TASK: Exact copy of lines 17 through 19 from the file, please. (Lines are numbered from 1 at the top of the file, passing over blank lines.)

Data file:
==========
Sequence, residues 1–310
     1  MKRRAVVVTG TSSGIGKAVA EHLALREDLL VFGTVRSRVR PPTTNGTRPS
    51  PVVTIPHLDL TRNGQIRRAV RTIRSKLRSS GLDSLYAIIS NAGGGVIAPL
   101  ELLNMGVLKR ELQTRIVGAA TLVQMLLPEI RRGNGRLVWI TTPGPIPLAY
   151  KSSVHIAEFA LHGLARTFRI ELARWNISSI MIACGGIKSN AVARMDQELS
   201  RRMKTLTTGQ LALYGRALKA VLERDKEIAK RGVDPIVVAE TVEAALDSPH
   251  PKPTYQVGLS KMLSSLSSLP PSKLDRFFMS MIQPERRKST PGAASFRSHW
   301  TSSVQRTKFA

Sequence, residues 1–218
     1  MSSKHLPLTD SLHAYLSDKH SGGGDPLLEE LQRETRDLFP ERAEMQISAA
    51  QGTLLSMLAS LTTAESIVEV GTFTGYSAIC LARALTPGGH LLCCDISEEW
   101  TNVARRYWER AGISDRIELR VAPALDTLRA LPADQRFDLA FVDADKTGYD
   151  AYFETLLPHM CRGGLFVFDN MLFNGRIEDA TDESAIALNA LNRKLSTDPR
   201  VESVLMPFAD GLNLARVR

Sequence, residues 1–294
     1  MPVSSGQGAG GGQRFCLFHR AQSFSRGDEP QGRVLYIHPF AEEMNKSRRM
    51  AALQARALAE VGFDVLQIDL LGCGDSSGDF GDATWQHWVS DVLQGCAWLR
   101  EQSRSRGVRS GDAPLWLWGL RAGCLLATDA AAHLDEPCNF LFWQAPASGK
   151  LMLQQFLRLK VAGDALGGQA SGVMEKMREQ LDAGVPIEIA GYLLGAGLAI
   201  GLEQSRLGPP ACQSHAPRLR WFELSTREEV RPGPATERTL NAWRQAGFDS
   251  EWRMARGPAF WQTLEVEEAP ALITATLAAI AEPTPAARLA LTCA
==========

    51  AALQARALAE VGFDVLQIDL LGCGDSSGDF GDATWQHWVS DVLQGCAWLR
   101  EQSRSRGVRS GDAPLWLWGL RAGCLLATDA AAHLDEPCNF LFWQAPASGK
   151  LMLQQFLRLK VAGDALGGQA SGVMEKMREQ LDAGVPIEIA GYLLGAGLAI